Much Has Changed Little

Pump price a no-change, gasoline glut persists, retailers regain one penny in gasoline margin
Photograph: Shutterstock

CAMARILLO, Calif. — The U.S. average retail gasoline price did not change. The two main crude oil benchmark prices barely did either. The national pump price rose 0.12 cents per gallon (CPG) between July 24 and August 7, to $2.2465, according to the most recent Lundberg Survey of U.S. fuel markets.

The U.S. oil grade WTI dropped 7 pennies per barrel of crude, an almost invisible slice in CPG equivalent, while the European grade Brent rose a little. Oil prices are to a degree being propped up by weak currencies, especially the U.S. dollar.

In the same two weeks, U.S. refiners suffered shrinkage in gasoline margin, while U.S. retailers gained. The retail expansion of 1.04 CPG puts retailers at a U.S. average 27.48 cents delta. The retail margin gain during the past month, after plummeting from late March forward, totals just 4.11 pennies.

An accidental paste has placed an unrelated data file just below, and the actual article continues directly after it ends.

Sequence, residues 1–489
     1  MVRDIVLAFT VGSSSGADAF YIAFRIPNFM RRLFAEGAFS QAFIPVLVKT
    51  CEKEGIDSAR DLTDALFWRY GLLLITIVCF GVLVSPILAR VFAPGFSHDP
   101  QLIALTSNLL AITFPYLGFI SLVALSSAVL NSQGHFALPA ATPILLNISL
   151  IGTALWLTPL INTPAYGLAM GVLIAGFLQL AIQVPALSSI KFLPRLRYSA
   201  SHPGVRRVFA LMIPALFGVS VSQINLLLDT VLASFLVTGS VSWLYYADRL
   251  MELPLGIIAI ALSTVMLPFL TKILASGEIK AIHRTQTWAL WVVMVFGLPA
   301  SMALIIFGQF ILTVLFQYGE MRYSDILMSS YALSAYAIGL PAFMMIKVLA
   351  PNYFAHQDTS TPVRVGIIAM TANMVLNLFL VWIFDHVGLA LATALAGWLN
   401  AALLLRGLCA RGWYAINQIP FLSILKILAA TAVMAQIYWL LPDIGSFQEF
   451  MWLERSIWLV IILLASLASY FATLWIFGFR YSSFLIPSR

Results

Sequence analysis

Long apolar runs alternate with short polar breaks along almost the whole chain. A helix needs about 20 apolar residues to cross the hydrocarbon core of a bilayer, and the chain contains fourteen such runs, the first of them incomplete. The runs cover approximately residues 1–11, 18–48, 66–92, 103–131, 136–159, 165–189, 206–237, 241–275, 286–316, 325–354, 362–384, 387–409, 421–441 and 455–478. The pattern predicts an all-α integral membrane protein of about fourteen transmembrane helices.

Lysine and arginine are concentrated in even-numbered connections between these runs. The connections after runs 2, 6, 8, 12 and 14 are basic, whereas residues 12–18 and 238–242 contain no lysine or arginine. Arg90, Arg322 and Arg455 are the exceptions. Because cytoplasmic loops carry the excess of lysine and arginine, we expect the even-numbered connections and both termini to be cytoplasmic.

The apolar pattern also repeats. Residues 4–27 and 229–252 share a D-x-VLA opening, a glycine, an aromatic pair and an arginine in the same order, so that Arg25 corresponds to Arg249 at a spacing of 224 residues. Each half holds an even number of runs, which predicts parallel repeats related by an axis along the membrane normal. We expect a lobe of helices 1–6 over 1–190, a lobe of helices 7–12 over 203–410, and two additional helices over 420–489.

Wholesale gasoline prices followed at distance a drop in futures gasoline, and ethanol prices took a big step down. Both downstream sectors, refining and retailing, have been struggling and next month may prove even tougher. If schools are widely closed, September's hit to demand will be harsh, with gasoline consumption falling off more than it usually does post-August. The current retail price discount, a deep 49.73 CPG under its year-ago point, is not very inspiring, while unemployment and school closures cancel commutes. And discretionary driving such as trips for fun is still mostly canceled.

Behind the U.S. no-change in retail price, price trends were generally down in the U.S. Gulf and Midwest regions, and up in the West. Spot Los Angeles gasoline weakened last week, with California unbranded product responding with cuts. California's gasoline demand destruction is one of the saddest in the nation.

Crude oil prices are unlikely to shoot up, as OPEC and collaborators agreed in July to rescind beginning August 1 part of their earlier production cut. OPEC credited some world oil demand recovery for its decision. Meanwhile, any resulting crude oil price erosion won't trickle into U.S. gasoline demand normalization during lockdowns and quarantines.

Click here for previous Lundberg Survey reports in CSP Daily News.

Trilby Lundberg is publisher of the Lundberg Survey of U.S. fuel markets.

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